Compound might facilitate stroke recovery

Animal study finds regrowth of brain cells with natural protein fragment

SAN ANTONIO — Part of a naturally made protein might speed recovery in brain tissue that gets starved of oxygen and nutrients when a blood clot lodges in the brain and causes a stroke. Researchers tested a human recombinant version of a natural protein fragment, called perlecan domain V, on rats and mice in which they induced strokes. They reported February 25 at the International Stroke Meeting that the animals recovered in three days.

Perlecan DV is a part of perlecan, a protein that resides in the spaces between cells in the brain. Neurologist Gregory Bix of Texas A&M University in College Station said he and his colleagues became interested in perlecan DV when they found levels of it elevated in tissue affected by stroke, even though other proteins in this affected region of the brain had been broken down.

Other experiments showed that rats and mice in which perlecan DV supplies were suppressed “had very bad strokes,” Bix said. “So we knew perlecan DV was important for something.”

The researchers next injected the recombinant version of perlecan DV into mice and rats that had strokes. “The animals did amazingly well,” Bix said. Those animals treated with the compounds recovered the ability to walk and had no obvious impairments, Bix said. Untreated animals remained disabled.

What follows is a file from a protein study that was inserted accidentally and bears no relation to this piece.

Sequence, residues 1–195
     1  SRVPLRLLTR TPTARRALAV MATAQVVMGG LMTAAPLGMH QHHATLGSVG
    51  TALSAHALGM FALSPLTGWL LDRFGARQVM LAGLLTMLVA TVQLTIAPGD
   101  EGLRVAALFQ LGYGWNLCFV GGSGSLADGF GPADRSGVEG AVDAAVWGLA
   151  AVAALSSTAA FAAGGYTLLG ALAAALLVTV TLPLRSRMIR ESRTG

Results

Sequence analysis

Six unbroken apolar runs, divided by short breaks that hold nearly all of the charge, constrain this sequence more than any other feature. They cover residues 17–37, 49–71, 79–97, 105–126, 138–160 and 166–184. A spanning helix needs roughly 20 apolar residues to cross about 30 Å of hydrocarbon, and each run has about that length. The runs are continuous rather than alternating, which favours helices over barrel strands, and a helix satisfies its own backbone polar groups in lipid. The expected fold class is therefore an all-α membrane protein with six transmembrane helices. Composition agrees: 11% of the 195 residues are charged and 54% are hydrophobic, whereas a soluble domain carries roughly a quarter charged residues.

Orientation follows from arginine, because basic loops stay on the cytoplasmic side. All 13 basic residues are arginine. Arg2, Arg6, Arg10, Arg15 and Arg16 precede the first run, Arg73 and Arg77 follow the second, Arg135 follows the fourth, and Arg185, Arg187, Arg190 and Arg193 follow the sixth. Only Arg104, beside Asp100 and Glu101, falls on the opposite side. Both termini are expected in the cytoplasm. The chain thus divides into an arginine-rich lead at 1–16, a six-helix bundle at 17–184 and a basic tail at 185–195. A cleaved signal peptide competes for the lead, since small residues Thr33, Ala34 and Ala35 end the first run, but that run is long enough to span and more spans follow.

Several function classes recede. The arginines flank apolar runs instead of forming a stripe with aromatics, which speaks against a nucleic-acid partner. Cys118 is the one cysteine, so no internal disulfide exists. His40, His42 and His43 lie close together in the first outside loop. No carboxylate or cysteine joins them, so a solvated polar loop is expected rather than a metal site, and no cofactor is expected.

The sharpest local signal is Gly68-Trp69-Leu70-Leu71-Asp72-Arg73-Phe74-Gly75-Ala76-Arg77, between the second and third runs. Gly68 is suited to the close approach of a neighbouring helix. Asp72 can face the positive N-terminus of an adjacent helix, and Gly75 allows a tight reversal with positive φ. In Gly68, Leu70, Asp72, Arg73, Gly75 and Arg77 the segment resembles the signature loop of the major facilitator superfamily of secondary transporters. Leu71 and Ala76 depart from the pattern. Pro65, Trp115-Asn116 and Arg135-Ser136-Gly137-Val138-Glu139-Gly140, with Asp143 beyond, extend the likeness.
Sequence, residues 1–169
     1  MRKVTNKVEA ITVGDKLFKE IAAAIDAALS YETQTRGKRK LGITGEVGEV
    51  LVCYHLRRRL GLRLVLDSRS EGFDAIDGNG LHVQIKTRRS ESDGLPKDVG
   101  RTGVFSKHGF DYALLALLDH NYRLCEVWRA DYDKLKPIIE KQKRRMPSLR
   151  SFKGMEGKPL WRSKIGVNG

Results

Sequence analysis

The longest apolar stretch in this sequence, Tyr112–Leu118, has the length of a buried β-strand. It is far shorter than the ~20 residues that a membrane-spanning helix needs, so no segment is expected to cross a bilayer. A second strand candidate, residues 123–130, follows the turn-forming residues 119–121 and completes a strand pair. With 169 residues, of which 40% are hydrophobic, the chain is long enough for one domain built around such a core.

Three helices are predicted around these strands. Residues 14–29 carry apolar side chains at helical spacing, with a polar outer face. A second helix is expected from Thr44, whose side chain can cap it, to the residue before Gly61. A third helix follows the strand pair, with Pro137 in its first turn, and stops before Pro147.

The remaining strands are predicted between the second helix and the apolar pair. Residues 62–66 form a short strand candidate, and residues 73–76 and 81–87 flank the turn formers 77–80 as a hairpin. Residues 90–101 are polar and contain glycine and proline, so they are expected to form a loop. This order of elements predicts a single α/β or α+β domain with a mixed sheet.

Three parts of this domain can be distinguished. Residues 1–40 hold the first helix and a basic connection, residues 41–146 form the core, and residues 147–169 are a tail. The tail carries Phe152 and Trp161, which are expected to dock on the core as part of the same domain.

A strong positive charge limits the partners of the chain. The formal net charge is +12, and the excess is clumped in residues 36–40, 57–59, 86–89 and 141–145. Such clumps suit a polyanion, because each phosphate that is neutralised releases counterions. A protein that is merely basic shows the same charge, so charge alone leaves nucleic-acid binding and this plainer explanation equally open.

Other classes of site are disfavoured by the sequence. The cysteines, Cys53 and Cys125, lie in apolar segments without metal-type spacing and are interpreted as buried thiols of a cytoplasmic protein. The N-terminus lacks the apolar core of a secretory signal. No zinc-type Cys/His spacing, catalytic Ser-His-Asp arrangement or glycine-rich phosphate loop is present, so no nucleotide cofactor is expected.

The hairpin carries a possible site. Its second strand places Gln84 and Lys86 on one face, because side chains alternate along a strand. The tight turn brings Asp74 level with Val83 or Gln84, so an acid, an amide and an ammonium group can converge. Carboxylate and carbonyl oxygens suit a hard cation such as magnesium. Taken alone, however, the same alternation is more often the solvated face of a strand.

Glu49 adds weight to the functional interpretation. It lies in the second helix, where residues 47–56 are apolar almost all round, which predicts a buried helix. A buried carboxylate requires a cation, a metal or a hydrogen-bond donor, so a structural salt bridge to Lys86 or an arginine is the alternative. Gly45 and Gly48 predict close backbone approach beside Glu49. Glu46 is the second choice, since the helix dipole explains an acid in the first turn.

Although the perlecan DV was injected into the abdomens of the animals, it homed to the brain site of injury caused by the stroke. That wasn’t an accident, Bix said, because perlecan normally coats blood vessels and perlecan DV facilitates new blood vessel growth, which the brain tries to do in response to injury.

Perlecan DV also spawned growth of new neurons, Bix said. When new blood vessels sprout in the brain, the protein fragment encourages new neuron growth in the injured areas. “Baby neurons used [the vessels] like railroad tracks” to arrive and grow in the damaged spot, repopulating the cells, he said. Thus, adding perlecan DV revs up quantities of a natural pro-growth substance.

Bix hopes to license the recombinant human perlecan DV and get it tested in stroke patients.

More Stories from Science News on Health & Medicine

From the Nature Index

Paid Content